According to 16S rRNA sequence analysis and phylogenetic analysis, endophytic bacteria and resina bacteria isolated from P. euphratica stem fluid and resina in Mulei and Ebinur Lake belong to Actinobacteria_c, Alphaproteobacteria, Gammaproteobacteria, Firmicutes, respectively. But there is another endophytic bacterium isolated from P. euphratica stem fluid in Ebinur Lake belonging to Betaproteobacteria (MC8, the similar strain was Eiseniicola Composti, and the sequence similarity is 98.1%). Compared with the endophytic bacteria community structure of P. euphratica in the Primitive P. euphratica forest in Tarim River, Betaproteobacteria and Bacteroidete are not isolated from the P. euphratica in Mulei [49]. Bacteroidetes are not isolated from P. euphratica in Ebinur Lake. However, the proportion of Betaproteobacteria and Bacteroidete in the endophytic bacteria community of P. euphratica in Tarim River is also not high, which is 0.34% and 0.50% respectively. Therefore, these two phyla are considered to be the vulnerable groups in P. euphratica culturable bacteria. The main forest area in the middle reaches of Tarim River is sparsely populated, which is less affected by human production and living activities, and maintains the original ecological state. Therefore, the community structure of endophytic bacteria in P. euphratica in Tarim shows its inherent richness, with relatively uniform phylogeny and relatively stable community structure. However, the area near the P. euphratica forest in Ebinur Lake is the floodplain area, which is close to the water source and water plants, and close to the nearby farmland and residential areas, so grazing has a certain impact on the area. The primeval P. euphratica forest in Mulei is in a state of decline, with fewer young P. euphratica alive and most old ones withering, which is also affected by grazing. Therefore, culturable bacteria belonging to Betaproteobacteria and Bacteroidete may be replaced or cleared. It is noteworthy that Pseudomonas Populi was isolated in PEA media, and there are two strains, PC17 and PC18, with sequence similarities of 98.9% and 99.6%, respectively. When the author participated in the diversity study of endophytic bacteria of P. euphratica in Tarim, an endophytic strain of P. euphratica was isolated and described as a new species through the multiphase taxonomic identification method and named as Pseudomonas Populi [50]. The endophytic bacteria which were isolated from both Tarim P. euphratica forest and P. euphratica forest in Ebinur Lake, indicate that there is a special relationship between these species and P. euphratica.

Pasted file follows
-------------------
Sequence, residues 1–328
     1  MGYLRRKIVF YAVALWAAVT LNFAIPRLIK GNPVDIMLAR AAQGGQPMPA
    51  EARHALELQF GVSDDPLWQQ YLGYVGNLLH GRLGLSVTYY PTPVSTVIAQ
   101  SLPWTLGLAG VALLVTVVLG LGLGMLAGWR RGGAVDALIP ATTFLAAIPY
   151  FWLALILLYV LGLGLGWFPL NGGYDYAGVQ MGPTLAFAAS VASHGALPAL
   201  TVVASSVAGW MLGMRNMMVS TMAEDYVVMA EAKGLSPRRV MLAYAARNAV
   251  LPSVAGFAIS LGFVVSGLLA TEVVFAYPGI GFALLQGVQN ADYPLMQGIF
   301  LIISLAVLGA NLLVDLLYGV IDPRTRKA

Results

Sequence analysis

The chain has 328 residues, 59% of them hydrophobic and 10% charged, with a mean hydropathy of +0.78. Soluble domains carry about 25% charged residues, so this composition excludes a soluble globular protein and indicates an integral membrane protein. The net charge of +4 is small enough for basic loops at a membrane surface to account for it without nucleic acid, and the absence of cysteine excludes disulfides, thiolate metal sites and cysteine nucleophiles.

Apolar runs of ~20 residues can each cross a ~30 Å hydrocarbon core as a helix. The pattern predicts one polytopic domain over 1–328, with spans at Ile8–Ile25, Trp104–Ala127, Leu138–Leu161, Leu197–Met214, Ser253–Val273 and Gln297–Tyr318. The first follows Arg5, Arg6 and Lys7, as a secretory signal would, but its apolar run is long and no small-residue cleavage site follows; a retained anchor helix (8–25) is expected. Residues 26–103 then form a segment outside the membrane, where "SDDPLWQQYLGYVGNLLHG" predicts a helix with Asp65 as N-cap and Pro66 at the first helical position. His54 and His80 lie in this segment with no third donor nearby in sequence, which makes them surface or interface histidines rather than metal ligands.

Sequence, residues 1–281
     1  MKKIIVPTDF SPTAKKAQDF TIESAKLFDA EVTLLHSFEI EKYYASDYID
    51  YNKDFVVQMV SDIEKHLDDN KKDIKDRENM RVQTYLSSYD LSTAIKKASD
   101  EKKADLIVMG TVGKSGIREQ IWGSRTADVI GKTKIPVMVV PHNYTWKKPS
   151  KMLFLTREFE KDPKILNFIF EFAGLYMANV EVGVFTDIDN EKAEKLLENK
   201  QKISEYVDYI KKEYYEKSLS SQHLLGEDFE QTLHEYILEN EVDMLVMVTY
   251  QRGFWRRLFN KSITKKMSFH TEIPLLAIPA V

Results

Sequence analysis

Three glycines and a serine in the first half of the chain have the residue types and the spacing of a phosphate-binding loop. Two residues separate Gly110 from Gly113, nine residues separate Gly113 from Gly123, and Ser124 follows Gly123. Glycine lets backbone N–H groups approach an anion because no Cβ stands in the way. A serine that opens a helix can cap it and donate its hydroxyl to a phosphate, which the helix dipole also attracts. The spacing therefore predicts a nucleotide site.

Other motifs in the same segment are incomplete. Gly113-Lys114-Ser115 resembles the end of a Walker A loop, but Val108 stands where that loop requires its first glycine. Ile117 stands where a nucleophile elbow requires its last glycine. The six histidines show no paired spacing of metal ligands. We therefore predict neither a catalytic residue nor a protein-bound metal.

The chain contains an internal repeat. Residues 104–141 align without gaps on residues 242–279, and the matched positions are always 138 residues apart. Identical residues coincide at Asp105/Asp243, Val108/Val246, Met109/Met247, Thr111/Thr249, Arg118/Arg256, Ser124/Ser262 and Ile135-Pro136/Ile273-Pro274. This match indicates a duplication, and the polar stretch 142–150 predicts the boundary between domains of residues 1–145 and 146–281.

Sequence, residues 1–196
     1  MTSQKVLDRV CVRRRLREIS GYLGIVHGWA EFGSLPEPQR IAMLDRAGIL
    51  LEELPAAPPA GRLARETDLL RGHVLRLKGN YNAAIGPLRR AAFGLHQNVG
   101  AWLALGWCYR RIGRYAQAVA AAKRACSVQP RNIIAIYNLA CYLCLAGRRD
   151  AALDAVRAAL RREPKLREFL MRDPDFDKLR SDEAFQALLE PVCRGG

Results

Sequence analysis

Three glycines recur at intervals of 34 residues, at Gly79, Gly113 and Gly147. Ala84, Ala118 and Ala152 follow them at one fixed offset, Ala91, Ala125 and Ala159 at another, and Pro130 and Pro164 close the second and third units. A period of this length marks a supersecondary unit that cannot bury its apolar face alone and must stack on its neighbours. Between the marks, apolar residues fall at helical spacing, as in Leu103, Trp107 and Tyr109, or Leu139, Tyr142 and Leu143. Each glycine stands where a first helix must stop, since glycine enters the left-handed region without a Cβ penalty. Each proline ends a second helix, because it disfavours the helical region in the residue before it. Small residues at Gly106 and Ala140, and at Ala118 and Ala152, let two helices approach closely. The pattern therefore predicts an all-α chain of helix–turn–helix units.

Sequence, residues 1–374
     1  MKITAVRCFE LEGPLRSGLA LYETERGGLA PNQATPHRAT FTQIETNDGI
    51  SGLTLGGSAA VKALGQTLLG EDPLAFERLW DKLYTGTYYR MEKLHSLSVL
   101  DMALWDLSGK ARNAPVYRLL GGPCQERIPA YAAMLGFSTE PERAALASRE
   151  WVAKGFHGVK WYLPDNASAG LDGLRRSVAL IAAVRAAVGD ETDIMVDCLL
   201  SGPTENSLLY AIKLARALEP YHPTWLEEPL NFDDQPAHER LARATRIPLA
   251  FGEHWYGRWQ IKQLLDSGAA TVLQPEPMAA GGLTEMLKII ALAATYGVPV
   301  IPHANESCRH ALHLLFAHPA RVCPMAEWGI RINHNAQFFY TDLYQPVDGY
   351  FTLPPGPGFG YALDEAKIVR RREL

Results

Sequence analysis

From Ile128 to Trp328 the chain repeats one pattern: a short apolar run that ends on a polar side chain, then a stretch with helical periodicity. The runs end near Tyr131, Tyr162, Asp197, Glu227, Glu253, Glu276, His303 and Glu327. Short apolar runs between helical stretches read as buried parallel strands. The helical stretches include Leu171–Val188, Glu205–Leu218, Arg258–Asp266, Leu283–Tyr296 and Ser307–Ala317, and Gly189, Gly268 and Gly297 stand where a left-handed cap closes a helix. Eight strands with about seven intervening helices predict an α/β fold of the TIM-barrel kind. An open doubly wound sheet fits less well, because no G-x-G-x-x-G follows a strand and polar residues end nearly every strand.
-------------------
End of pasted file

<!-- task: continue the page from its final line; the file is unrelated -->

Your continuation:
The detection rate of potential new strains refers to the ratio of the number of potential new strains to the number of isolated strains in the community to which they belong. It is relatively simple to judge whether the community structure has been invaded and its change degree by the detection rate of potential new species. However, it is only suitable for the analysis of communities with more original new strains, but it can’t be used for the analysis of communities with few or no original new strains. In this study, the new species detection rate in Ebinur Lake (47.6% of stem liquid bacteria and 38.8% of resina bacteria) is higher than that in Mulei (26.50% of stem liquid bacteria and 51.4% of resina bacteria), which may indicate that the original state of Ebinur Lake is better preserved. However, the relationship between endophytic bacteria community structure and the detection rate of new species of P. euphratica needs further study and analysis, and so does resina bacteria.